By the time of his assassination in 1963, John F. Kennedy stood at the helm of the greatest power the world had ever seen, a booming American nation that he had steered through some of the most perilous diplomatic standoffs of the Cold War.
Born in 1917 to a striving Irish American family that had become among Boston’s wealthiest, Kennedy knew political ambition from an early age, and his meteoric rise to become the youngest elected president cemented his status as one of the most mythologized figures in American history.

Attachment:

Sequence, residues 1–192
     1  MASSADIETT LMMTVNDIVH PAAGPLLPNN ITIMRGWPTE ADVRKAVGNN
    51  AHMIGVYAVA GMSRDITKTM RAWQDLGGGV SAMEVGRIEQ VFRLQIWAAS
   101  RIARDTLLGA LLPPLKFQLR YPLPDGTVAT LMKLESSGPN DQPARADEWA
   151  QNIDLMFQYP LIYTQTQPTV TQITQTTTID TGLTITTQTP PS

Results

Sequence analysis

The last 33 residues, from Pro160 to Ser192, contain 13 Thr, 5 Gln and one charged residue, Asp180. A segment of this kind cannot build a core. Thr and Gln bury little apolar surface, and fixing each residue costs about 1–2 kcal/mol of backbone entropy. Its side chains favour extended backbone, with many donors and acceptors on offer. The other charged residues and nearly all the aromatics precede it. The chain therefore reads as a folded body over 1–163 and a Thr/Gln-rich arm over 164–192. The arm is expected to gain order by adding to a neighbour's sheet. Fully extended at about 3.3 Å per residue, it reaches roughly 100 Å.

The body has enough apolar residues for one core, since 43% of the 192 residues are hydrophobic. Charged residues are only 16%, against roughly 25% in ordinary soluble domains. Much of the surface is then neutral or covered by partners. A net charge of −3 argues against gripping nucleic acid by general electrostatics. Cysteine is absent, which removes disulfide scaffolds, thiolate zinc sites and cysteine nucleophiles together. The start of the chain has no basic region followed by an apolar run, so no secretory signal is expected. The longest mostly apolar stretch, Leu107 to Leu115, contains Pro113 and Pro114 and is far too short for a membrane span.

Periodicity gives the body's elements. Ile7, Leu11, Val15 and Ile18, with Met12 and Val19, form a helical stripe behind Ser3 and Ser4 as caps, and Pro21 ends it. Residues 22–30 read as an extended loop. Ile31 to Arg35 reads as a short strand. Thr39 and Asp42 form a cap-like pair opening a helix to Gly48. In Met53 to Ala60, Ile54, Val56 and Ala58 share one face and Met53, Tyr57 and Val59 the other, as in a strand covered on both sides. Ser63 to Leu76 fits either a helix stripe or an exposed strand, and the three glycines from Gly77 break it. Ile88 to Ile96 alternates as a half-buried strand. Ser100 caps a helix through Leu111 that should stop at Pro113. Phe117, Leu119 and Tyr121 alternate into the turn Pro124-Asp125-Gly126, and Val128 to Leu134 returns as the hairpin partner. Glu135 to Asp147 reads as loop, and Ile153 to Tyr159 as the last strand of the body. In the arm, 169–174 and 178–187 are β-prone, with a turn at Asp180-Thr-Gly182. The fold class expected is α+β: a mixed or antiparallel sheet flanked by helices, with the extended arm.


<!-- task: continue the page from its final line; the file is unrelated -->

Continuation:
Fredrik Logevall is Laurence Belfer Professor of International Affairs and professor of history at Harvard University. He has spent much of the last decade searching for the “real” JFK. His new book is "JFK: Coming of Age in the American Century, 1917-1956."